February 25, 2013
1983 speech to the National Association of Evangelicals
President Ronald Regan
1. How does he establish credibility?
President Ronald Regan established his credibility of his 1983 speech to the National Association of Evangelicals by first, being who he was he was. President Ronald Regan was the 40th president of the United States of America from 1981-1989 who held a fundamental biblical worldview, which was evident of his knowledge and key terms he used during this speech. He had perceived competence in his knowledge of the topics. Secondly, he also had a concern for the audience in that Regan’s “dialogue took into account the welfare of the audience…” (Alban, 2011, 2012, p. 809) President Regan had dynamism; he appeared “lively, active, vigorous, and vibrant” (p. 810). Finally, he showed an ethical standard towards his audience by his prior convictions and stance on biblical values in upholding and signing legislatives promoting biblical value that his audience understood and shared. 2. How does he appear to establish character in the eyes of his audience? Ronald Regan established character in the eyes of his audience by his moral and ethical standards. He appears to be genuinely caring, trustworthy, respectful, and fair. It’s not who he is that builds character – it’s what he has done. Actions are louder than words, but words alongside of actions are a cornerstone of what character is. 3. Would you describe this speech as charismatic? Why?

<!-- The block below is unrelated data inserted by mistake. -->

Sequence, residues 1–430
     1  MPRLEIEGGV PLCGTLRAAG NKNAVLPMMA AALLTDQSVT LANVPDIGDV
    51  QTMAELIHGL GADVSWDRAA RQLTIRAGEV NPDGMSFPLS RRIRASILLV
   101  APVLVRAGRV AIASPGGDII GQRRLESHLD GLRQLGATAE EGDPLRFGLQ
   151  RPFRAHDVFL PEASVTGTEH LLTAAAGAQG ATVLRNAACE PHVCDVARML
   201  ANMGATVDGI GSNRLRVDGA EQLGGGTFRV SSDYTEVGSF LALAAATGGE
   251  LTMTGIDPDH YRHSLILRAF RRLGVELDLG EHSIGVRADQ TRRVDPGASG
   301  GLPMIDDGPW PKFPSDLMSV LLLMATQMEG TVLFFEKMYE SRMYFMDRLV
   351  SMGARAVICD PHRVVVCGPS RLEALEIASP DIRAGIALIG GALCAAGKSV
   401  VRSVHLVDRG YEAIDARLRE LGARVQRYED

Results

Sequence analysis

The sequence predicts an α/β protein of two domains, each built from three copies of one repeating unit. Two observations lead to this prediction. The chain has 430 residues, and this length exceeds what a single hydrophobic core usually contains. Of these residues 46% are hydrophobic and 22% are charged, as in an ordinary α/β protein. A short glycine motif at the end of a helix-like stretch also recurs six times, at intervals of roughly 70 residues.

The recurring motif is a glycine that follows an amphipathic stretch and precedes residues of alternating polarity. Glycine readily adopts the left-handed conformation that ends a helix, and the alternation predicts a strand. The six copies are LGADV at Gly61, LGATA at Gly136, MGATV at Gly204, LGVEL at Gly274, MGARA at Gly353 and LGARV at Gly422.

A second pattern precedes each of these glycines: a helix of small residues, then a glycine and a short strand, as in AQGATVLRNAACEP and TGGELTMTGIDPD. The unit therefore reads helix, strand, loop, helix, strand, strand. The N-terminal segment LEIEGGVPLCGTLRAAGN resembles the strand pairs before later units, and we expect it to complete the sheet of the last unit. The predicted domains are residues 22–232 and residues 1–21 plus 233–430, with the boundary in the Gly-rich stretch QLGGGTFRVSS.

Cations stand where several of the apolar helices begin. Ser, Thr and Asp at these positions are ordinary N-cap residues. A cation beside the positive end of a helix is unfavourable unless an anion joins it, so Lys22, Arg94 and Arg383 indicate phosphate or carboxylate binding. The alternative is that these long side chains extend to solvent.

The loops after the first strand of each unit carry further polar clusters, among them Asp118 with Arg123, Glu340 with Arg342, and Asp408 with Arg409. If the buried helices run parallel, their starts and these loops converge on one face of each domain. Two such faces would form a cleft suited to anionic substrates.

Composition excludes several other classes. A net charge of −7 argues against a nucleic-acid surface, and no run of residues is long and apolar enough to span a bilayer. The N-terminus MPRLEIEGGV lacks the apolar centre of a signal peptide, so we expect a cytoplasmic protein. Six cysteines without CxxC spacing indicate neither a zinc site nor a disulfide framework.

Yes, President Regan’s speech is charismatic because it had the ability to attract the attention of his audience in a way that brought his listeners to the center of his message. His message was magnetic it pulled the audience towards his speech in an enthusiastic way. Ronald Regan’s personal confidence level had purpose. He was able to bring his audience to their feet by choice wording and by the charisma he had; not just in this 1983 speech...